Heatwave considerations for schools

  • Disseminate the HSE check list for school staff to manage thermal comfort in the workplace.
  • Manage premises and their use of fans to increase air flow, water coolers, and air conditioning units and that they are in working order where service issues are raised. Portable water coolers and air conditioning units can be ordered via hiring companies such as HSS Hire
  • Monitor indoor temperatures.
  • Identify a ‘rest’ area at each school and that all staff are familiar with this location and that it is clearly signed.
  • Compile a list of potentially ‘at risk’ staff e.g. those with PEEPS plans and on-going medical conditions.
  • Place the latest information on all staff notice boards, informing staff of health and safety issues relating to heatwaves.
  • Ensure that windows can be safely opened.
  • Curtail heat-generating activities such as use of computers, Bunsen burners, ovens, design and technology equipment, strenuous physical activity in PE lessons etc.
  • Permit pupils to drink water in classrooms.
  • Reallocate classes to cooler rooms whenever possible.
  • Relax dress codes for staff and pupils.
  • Install white blinds and/or reflective film on windows.
  • Schedule more frequent breaks for staff and pupils.

UKHSA heatwave plan – guidance for schools

  • On very hot days (that is, where temperatures are in excess of 30°C) children should not take part in vigorous physical activity such as sports days and P.E.
  • Children playing outdoors should be encouraged to stay in the shade as much as possible.
  • Loose, light-coloured clothing should be worn to help children keep cool and hats of a closed construction with wide brims should be worn to avoid sunburn.
  • Thin clothing or sun cream should be used to protect skin if children are playing or taking lessons outdoors for more than 20 minutes.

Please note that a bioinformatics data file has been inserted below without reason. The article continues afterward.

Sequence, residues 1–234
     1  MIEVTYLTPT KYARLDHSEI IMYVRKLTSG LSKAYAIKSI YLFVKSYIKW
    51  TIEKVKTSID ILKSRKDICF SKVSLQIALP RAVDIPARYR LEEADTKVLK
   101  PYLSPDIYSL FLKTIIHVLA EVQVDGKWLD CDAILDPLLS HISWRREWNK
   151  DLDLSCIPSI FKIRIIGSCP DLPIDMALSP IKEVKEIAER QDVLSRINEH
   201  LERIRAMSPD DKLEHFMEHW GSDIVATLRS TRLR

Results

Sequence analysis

• Children must be provided with plenty of cool water and encouraged to drink more than usual when conditions are hot.
  • Windows and other ventilation openings should be opened during the cool of early morning to allow stored heat to escape from the building.
  • Windows and other ventilation openings should not be closed, but their openings reduced when the outdoor air becomes warmer than the air indoors – this should help keep rooms cool whilst allowing adequate ventilation.
  • Use outdoor sun awnings if available, or indoor blinds, but do not let solar shading devices block ventilation openings or windows.
  • Keep the use of electric lighting to a minimum during heatwaves.
  • All electrical equipment, including computers, monitors and printers should be switched off when not in use and should not be left in ‘standby mode’.

Increased risk

Children’s susceptibility to high temperatures varies; those who are overweight or who are taking medication may be at increased risk of adverse effects.

Children under 4 years of age are also at increased risk. Some children with disabilities or complex health needs may be more susceptible to temperature extremes.

The school nurse, community health practitioner, family health visitor or the child’s specialist health professional may be able to advise on the particular needs of the individual child.

Schools need to provide for children’s individual needs. Support staff should be made aware of the risks and how to manage them.

Further information is available here: Looking after children and those in early years settings during heatwaves:Guidance for teachers and professionals

Policy and risk assessment

Log in to view information:

Health risks

High temperatures could give rise to health risks especially for the very young, older people and people with serious illnesses.

In a heatwave people may get dehydrated and their bodies may overheat. This can cause heat exhaustion which can cause many symptoms including; headaches, dizziness, nausea, vomiting, muscle weakness or cramps, pale skin and a high temperature.

It is important if you start to feel unwell to seek medical advice as soon as possible or it could develop into heatstroke which can cause serious health problems.

Summer preparedness guidance

Was this page useful? 
Last updated: 01 Aug 2023